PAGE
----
I am going to resist and not memorize anything I can get my hands on in less than 10 seconds with a Google search or textbook lookup. I am going to resist and try to see more in computer science than a bunch of algorithms and formulas. I am going to try and see this as a form of art. I am going to prove where things can go once we stop evaluating people based on how fast they can code, how careful they are or how much they can dump in their memory. This industry needs change.

My student wrote this blog. He came into the program as a multi-dimensional, highly skilled and multi-talented human being. I can't take any credit.

He ends his article with this:

Poems, everybody! We need poems, no less:

(And, yes, the link to "Another Brick in the Wall" is his.)

Meanwhile, another one of my students told me to keep poetry out of the class. His exact words were, "Poetry offends masculinity." I should get those two into a debate.


Devac:

I have a feeling that this is going to be one of those posts of mine that will ruffle some feathers. Let's make one thing clear: I've tried to put aside my own bias, pretty much failed at it but I am leaving it to show where I'm coming from. I'm only interested in the answer. That's it. It's not intended to be personal. Cool? Thanks.

    He came into the program as a multi-dimensional, highly skilled and multi-talented human being. I can't take any credit.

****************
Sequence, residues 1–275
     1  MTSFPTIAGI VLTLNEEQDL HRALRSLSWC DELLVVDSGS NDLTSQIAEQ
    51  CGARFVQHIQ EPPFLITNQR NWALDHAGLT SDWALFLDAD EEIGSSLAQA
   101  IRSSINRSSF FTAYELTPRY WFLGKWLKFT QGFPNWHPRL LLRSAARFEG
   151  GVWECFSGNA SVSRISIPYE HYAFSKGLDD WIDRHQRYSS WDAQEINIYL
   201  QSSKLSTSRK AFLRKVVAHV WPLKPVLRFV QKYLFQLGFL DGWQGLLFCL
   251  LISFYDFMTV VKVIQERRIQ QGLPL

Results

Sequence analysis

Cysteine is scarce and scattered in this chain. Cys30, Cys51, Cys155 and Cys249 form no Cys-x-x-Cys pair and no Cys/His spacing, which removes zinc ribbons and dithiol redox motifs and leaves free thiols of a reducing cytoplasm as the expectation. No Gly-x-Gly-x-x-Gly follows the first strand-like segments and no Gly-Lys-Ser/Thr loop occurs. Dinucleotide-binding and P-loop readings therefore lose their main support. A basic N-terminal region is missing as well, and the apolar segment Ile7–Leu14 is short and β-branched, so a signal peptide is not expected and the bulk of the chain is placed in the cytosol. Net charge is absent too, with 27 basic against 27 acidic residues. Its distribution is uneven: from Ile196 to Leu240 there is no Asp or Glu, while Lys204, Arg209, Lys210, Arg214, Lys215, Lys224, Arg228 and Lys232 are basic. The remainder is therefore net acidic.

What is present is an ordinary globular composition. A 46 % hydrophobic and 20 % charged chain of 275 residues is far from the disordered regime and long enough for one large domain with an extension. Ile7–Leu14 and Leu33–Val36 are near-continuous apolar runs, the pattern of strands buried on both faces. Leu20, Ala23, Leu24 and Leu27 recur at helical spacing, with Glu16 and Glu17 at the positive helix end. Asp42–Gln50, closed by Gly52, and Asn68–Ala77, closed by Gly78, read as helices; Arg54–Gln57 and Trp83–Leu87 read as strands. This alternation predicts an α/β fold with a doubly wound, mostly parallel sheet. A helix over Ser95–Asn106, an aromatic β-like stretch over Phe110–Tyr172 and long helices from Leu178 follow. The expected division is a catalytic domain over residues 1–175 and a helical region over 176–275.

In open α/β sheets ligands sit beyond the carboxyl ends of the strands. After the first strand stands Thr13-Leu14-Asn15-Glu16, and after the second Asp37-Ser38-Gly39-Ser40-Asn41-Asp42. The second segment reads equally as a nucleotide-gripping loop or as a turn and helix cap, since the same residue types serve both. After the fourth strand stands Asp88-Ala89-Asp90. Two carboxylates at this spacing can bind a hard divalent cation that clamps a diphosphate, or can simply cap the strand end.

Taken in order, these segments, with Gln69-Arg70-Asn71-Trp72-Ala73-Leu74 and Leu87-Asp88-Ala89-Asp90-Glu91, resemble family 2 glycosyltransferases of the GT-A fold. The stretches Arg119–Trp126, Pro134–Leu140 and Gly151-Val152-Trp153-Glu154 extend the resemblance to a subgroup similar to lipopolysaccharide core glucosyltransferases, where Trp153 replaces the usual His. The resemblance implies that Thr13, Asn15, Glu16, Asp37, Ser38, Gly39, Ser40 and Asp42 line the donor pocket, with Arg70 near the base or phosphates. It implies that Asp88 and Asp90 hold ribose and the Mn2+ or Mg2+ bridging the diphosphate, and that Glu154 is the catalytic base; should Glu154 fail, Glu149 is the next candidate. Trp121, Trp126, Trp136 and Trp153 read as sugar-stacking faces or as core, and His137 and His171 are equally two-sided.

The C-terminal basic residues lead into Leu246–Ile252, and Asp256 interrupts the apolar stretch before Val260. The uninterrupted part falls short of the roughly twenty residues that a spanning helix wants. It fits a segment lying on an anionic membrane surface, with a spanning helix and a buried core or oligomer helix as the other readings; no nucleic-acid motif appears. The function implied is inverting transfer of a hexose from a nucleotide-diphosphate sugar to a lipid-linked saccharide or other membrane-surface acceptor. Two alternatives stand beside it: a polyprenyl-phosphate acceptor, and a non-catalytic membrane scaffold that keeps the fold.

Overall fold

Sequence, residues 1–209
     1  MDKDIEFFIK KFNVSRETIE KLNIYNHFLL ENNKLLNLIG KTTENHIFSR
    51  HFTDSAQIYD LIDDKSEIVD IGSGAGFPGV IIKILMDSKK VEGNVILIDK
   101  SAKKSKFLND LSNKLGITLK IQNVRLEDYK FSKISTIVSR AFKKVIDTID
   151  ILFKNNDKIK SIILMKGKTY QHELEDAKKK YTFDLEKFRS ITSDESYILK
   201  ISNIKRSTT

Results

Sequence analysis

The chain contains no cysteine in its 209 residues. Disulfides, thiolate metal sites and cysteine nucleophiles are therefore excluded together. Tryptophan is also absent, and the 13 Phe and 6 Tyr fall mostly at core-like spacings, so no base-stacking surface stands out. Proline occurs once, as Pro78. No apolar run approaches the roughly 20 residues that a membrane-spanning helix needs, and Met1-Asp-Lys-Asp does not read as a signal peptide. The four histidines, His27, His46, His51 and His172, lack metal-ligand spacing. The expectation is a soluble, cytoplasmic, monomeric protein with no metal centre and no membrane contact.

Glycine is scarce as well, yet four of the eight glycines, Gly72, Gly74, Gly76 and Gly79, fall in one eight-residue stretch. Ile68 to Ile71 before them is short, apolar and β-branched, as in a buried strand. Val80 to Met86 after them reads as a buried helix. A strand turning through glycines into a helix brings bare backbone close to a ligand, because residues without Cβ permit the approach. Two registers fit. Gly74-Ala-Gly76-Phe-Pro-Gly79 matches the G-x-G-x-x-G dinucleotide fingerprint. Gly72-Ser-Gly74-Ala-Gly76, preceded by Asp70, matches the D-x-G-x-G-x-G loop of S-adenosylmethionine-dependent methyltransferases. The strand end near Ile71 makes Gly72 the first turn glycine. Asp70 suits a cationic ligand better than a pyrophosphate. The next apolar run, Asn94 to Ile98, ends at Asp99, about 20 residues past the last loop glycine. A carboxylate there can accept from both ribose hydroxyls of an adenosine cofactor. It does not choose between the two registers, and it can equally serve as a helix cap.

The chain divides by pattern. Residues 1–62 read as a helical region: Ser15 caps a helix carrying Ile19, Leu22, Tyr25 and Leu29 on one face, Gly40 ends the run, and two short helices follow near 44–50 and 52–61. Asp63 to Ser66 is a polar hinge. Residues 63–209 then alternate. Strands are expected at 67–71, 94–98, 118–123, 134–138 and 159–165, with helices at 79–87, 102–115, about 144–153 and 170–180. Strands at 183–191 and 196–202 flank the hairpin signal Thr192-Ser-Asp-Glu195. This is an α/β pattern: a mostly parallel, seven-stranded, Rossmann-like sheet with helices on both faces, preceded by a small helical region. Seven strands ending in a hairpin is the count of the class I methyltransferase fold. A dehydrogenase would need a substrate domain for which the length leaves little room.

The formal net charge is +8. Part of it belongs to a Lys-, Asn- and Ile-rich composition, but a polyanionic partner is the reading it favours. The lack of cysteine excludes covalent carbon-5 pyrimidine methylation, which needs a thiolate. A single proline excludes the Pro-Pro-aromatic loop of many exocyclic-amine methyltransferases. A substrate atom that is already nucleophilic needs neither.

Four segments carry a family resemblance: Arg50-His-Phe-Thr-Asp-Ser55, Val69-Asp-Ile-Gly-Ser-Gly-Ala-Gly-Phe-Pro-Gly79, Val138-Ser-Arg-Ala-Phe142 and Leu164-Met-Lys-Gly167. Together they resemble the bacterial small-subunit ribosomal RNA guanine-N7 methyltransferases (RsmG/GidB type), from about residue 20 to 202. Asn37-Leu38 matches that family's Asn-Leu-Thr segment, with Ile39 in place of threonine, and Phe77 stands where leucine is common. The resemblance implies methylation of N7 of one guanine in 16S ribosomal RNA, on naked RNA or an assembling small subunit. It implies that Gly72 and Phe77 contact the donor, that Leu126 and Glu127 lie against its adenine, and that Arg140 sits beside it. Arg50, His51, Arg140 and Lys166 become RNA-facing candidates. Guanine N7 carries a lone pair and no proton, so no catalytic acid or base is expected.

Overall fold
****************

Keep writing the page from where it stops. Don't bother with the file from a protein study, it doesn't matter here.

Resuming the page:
and this thing from IRC on the 20th November 2016:

    22:32 < lilski> I said earlier that I teach computer science students - but I basically teach them how to be human beings

What does it actually mean? Sorry for being peevish about it, but as someone who is focused on hard sciences and getting patronising treatment from most humanities-oriented people around me ever since I can remember, I can't help but resent some of this attitude (don't blame me, blame multiple people who told me verbatim that I must lack a soul to not appreciate some poem or picture :/). I've read a lot of your posts, many of the ones you've posted before I found Hubski and ones posted since then, but I'm at loss about what you actually do in class. What is the thing that your students lack and how does acquiring it make them into 'human beings'? What's about your students that your aim is to make them into those 'multidimensional human beings'? Sorry, but I simply loathe when in my own life the, supposedly, attuned to humanity people just throw me into some easy 'cog-head' category and go forth with their pre-existing assumption. I'm not angry or resentful specifically toward you, lil, but I'm asking because so far you have proven that you will not just dismiss my questions outright with something along the lines of "you will not understand, untermensh".

Aside from that, I agree with Odder. I had only one such interview so far and it was just… baffling. The guy who was interviewing me seemed to be thrown out of the loop when I didn't answer with some cliche line from a tutorial on interviews. Suffices to say that I ended up working in a bookstore as a clerk afterwards.


posted by lil: 16 days ago